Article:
What They Say:
Eight assassins hired to murder Darth Vader—eight assassins dead. Now the man who enlisted them seeks a ninth assassin. The price? A cost higher than all the credits in his bottomless coffers. But when it comes to avenging his son, no sacrifice is too great to acquire the one man who can kill the Dark Lord of the Sith . . .
The Hunt for Darth Vader is on!
Writer: Tim Siedell
Penciller: Stephen Thompson
Inker: Mark Irwin
Colorist: Michael Atiyeh
Cover Artist: Ariel Olivetti
One does not become a Dark Lord of the Sith without making some enemies along the way. Negotiating (read: forcing) the amount of money a group of mining companies pay to the Empire, Darth Vader kills the son of one of the magnates who attempted to assassinate the meeting members. Seeking revenge, the father—who is never named—hired eight assassins to kill the former Jedi, only to have all of them fail. Desperate, the father hires a group of mercenaries to take him to the lair of a fabled assassin. He hires the assassin, but only after paying a horrendous price.
And that’s about it. This is, of course, the first issue in the mini-series, and as such it bears the heavy burden of establishing the characters and story. At first blush this would seem to be an easy chore given that the writer is working in an already established world and with one of the most iconic pop culture characters in history, but the story is told from the father’s point of view, and the entire issue is mostly spent setting up the antagonist—a nameless assassin. This is important given that Vader is a formidable warrior and the fact that we know he is in no real danger.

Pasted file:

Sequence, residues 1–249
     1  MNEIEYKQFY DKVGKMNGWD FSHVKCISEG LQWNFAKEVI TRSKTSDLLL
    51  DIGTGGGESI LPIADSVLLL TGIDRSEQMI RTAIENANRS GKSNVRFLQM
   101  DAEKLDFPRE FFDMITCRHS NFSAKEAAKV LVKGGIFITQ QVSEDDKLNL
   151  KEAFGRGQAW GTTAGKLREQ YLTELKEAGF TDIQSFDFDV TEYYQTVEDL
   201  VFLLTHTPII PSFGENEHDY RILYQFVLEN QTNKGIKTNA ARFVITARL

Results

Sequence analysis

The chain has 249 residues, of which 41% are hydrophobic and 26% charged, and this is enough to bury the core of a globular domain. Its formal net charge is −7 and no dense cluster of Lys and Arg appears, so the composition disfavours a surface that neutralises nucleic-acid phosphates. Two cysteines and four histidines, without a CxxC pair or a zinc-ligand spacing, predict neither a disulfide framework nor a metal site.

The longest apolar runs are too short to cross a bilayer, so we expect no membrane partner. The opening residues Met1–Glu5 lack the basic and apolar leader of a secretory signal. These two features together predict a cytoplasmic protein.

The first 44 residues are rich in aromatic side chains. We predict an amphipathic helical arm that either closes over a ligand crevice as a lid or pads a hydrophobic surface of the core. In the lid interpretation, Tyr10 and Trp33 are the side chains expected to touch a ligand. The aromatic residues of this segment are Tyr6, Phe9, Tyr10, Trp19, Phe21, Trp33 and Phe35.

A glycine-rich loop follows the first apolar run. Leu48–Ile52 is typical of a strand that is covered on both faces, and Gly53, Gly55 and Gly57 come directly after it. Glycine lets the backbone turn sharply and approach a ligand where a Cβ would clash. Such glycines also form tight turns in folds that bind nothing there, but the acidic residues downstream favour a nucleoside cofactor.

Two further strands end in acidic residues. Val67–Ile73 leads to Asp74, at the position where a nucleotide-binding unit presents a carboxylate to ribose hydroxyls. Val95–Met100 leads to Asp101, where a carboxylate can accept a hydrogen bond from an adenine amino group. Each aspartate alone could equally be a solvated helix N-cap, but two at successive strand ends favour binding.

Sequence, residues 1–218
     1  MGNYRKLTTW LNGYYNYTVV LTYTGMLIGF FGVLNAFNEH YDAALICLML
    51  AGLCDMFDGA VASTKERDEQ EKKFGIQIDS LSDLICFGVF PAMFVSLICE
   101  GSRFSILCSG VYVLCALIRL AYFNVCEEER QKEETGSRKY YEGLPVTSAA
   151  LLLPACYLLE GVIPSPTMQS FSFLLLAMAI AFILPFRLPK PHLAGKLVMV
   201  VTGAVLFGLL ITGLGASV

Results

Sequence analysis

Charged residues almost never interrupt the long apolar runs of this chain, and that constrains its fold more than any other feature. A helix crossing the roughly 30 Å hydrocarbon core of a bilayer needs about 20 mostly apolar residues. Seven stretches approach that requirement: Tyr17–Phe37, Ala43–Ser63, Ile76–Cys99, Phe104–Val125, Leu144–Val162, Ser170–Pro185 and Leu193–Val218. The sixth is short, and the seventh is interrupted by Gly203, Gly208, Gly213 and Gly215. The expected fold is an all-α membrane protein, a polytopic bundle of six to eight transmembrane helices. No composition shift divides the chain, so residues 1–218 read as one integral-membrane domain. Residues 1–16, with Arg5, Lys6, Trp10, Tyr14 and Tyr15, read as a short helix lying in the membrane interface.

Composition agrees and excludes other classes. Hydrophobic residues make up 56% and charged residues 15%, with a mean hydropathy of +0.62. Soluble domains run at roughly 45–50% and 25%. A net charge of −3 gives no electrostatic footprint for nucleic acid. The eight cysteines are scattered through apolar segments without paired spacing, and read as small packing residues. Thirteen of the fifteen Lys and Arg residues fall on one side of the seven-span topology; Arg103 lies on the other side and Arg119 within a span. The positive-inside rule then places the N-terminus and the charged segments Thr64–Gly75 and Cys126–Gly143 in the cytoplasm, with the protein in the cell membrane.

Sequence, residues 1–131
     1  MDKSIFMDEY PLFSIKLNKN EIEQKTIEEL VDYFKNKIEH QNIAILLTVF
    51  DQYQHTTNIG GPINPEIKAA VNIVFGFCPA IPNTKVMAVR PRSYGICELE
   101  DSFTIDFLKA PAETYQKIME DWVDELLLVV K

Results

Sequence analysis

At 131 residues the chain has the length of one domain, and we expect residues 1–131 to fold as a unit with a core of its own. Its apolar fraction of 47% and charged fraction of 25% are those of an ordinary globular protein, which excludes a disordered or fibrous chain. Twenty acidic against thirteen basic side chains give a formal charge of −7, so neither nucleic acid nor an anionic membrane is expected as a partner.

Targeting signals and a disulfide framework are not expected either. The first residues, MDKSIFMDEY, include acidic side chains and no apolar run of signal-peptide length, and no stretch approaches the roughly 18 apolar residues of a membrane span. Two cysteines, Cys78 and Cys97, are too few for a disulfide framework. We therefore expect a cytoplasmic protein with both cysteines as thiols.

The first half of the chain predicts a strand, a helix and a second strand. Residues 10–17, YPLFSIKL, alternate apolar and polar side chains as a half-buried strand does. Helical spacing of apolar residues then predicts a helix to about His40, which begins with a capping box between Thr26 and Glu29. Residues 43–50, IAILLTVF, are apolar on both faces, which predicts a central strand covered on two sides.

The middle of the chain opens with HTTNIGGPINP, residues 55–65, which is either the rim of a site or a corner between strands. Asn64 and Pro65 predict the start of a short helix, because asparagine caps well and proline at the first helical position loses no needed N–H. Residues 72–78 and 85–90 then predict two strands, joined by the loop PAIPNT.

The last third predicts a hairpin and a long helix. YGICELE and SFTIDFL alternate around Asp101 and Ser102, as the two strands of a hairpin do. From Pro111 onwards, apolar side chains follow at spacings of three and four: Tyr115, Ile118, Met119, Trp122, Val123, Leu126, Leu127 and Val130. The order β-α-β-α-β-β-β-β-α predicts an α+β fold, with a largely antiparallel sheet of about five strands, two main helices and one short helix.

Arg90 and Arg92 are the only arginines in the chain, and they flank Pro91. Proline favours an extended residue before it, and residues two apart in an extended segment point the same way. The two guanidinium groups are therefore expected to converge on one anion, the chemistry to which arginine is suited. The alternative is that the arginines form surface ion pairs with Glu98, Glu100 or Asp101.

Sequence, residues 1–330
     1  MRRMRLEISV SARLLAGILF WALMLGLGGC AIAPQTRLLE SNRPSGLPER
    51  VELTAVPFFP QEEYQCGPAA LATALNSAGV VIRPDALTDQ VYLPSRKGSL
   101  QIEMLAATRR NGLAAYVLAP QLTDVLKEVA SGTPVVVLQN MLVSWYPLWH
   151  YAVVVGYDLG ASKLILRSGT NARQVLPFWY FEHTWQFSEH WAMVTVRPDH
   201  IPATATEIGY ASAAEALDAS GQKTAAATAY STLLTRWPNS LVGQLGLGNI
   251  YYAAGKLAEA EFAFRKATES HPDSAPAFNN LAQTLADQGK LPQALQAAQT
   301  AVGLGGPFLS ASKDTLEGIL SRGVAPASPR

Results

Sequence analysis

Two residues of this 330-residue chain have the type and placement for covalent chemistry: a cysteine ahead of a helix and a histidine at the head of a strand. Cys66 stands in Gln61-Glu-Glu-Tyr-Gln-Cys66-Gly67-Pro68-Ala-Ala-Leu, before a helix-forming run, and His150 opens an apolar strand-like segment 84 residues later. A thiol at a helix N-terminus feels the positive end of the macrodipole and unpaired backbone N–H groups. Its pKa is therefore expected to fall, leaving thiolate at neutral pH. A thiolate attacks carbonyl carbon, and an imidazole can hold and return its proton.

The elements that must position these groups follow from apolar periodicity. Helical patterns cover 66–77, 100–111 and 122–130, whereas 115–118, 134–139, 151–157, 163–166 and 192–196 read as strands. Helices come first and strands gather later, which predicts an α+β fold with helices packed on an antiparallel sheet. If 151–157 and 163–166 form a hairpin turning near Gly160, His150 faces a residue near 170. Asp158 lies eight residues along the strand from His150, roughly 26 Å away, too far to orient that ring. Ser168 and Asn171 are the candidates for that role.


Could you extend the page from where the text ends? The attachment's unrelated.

The joy of this series will come from seeing Vader overcoming obstacles and generally being a badass. We see a little bit of this in a flashback scene where Vader kills the son: somersaulting over a meeting table and in three panels being more physically active than he was in three movies. It was a fun scene, but for me it belies the power of the character. Vader is a hulking, cypherous presence that moves with deliberate, heavy actions. His power derived from brute force, not nimbleness. If he had Force thrown the table at the son or just choked him, then it would have been more in keeping with the character.
The one aspect that I did enjoy with this issue was the use of the medium to create irony. The father’s inner monologue about his saintly son contrasts nicely with the reality that the artist portrays. It’s nothing new, but it works very well and highlights one of the strengths of the comic form.
Even though the overall effect is rather bland, there is enough here to make me hopeful that the rest of the series will be enjoyable. The writing is fine and the artwork fun and kinetic, and now that we are past the establishing of the plot, we should be able to get down to the story. At least that’s what I hope.
Darth Vader and the Ninth Assassin was a rather bland establishing issue that barely featured its title character at all. While there was nothing specifically wrong with the issue, the overall feeling I came away from it was indifference. My hope is that the rest of the miniseries will be better, but as an introductory issue, it just doesn’t catch my excitement.